Best Hospital IT 2016: Winners' cutting edge tech projects tap Microsoft Xbox, AppleTV, Raspberry Pi, patient-facing apps
Inspira Health Network is currently in the process of building two gyms on its New Jersey campuses and developing a fitness app that patients and trainers can use to determine personalized exercise regimens.
The software captures patient generated health data from wearables and workout equipment, such as cardio machines. Users can also manually input old-fashioned types of exercise, including weight lifting repetitions, and trainers can verify that patients are doing what they're supposed to be doing, said Inspira (#3 Large hospital) CIO Tom Pacek.
Such data will ultimately be pulled into the EHR. Inspira is a Cerner shop, he said, undertaking an 18-month enterprise wide switch from 18 disparate platforms.
New EHRs: A platform for innovation
Much like Inspira, three other health systems – Roper St. Francis and Lucile Packard Children's Hospital Stanford – are also harnessing their relatively new EHRs as a foundation for innovation.
Lucile Packard (#3 Super hospital), for instance, earned a HIMSS Stage 7 award for ambulatory and inpatient within one year of implementing Epic, according to CIO Ed Kopetsky.
The team invented and put to market a continuous monitoring tool for Type 1 diabetics, Kopetsky added.
"One of our physician fellows here worked with Apple and Epic to develop GluVue, a tool to continuously monitor blood sugar levels regardless of the patient’s location," Kopetsky said. "This technology replaces four to five needle sticks a day and data is sent every five minutes to our EMR and doctors. You can see patterns of glucose levels and we can actually intervene."
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Roper St. Francis (#5 Large hospital) went live with a Cerner EHR this fall, said CIO Keith Neuman.
"An integrated system is primary," Neuman said. "And then the ability to implement fresh technology in our environment that will allow us to more easily pivot toward where we need to go."
That new direction includes what Neuman described as an App Store-like scenario.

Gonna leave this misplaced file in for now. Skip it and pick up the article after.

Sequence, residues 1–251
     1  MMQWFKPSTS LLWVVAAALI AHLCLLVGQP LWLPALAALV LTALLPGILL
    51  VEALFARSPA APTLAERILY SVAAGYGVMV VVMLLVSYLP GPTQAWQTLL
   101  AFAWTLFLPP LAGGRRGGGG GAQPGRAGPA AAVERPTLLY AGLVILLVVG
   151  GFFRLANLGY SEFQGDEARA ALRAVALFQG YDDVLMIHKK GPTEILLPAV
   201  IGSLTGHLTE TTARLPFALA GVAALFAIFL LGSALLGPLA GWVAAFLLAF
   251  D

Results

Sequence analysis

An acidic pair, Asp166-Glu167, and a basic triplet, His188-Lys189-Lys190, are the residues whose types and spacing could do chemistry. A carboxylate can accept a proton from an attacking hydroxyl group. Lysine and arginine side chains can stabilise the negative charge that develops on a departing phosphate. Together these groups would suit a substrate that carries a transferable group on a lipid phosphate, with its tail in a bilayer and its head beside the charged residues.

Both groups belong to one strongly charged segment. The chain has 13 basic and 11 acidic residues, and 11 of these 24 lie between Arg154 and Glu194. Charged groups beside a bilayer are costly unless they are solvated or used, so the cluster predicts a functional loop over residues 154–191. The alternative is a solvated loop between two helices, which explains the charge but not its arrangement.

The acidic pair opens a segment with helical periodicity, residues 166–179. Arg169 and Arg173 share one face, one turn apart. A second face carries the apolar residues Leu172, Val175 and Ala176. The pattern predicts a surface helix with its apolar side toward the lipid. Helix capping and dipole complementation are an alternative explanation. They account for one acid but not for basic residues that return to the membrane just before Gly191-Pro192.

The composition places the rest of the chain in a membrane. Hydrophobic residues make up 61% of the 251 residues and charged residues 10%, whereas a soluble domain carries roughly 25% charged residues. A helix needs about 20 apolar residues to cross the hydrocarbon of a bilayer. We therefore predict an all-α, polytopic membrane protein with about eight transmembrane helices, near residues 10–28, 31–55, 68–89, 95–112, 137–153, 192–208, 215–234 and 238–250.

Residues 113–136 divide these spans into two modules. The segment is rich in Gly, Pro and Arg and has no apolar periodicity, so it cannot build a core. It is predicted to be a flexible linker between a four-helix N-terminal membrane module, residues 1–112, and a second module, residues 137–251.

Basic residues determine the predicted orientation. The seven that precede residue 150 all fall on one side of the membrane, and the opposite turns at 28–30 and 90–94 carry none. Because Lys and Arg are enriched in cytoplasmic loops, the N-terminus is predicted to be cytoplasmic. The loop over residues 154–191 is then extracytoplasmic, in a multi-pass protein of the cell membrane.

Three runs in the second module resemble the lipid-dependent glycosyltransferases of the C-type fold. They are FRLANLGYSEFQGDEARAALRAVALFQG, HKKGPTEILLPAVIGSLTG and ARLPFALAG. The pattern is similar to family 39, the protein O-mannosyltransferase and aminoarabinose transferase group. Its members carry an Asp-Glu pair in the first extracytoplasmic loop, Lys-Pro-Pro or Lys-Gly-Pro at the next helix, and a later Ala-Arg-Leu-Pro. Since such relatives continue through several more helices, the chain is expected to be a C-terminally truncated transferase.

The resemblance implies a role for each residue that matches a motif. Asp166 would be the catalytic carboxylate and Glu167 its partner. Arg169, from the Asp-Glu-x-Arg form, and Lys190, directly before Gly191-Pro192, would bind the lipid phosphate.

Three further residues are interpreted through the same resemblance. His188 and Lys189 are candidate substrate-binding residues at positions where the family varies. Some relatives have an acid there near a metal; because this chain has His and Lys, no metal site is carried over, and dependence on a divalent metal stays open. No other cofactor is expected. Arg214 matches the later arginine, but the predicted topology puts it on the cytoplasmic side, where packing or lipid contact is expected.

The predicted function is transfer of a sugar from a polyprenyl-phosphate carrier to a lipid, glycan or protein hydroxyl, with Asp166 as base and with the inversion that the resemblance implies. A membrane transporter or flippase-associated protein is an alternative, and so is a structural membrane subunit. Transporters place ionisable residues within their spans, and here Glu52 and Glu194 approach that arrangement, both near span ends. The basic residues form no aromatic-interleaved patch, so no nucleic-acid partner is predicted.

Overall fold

"We want to provide that same kind of experience to our patients when they book an appointment or see a doctor or be there for follow-up," Neuman added. "Virtual visits and Open Table-like appointment scheduling, that sort of thing."
Mission Health (#5 Super hospital) is also ramping up its patient experience efforts with an unlikely technology: Microsoft Xbox. The game console, in fact, works with Mission's electronic health record software as well as an app, camera and microphone to comprise what CIO Jon Brown called "virtual sitters," that enable clinicians to communicate with patients from a central location rather than having to be in the room every time they get out of bed.
Not limited to large providers
Cutting-edge technologies are not the sole domain of large and super hospitals.
Mahaska Health Partnership (#2 Small Hospital) is also embracing innovation out of a spirit of necessity, using Raspberry Pi technology – inexpensive single-board computers – to create digital signage across the organization, IT director Chris Hickie said.
Meanwhile, when Mahaska built a new wing for surgery patients, Hickie said the IT team installed Apple TV in every room and integrated iPads with a third-party translation service patients can use.
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Next up for Hickie and his team: MIPS and MACRA. "A big part of that for us is onboarding to patient-centered medical home in our medical group," Hickie explained. "I think that is going to have a large impact on our ability to drive toward increased value-based reimbursement."
Back at the gym
Inspira CIO Pacek said that the network is doing everything it can to create the kind of patient experience that keeps people coming back.
In addition to building the gyms and fitness app, Inspira is beginning work that Pacek said will ultimately enable clinicians to prescribe medical devices to patients.
The next phase for Inspira will be using social media tools and chatbots, pulling appropriate data into the EHR, then analyzing it to better understand patients.
"We're developing apps for patient engagement, trying to improve patient registration so they don't have to fill out papers, also to get rid of the clipboard," Pacek said. "We're working on interfaces for call ahead seating so patients can look at wait times for urgent care or put yourself in line."
Jessica Davis and Mike Miliard contributed to this report.
Healthcare IT News Best Hospital IT Departments 2016:
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⇒ Post-EHR era: Bunk buzzword or almost here?
⇒Interactive map: Best Hospital IT Departments
⇒ Gallery: The people behind winning IT shops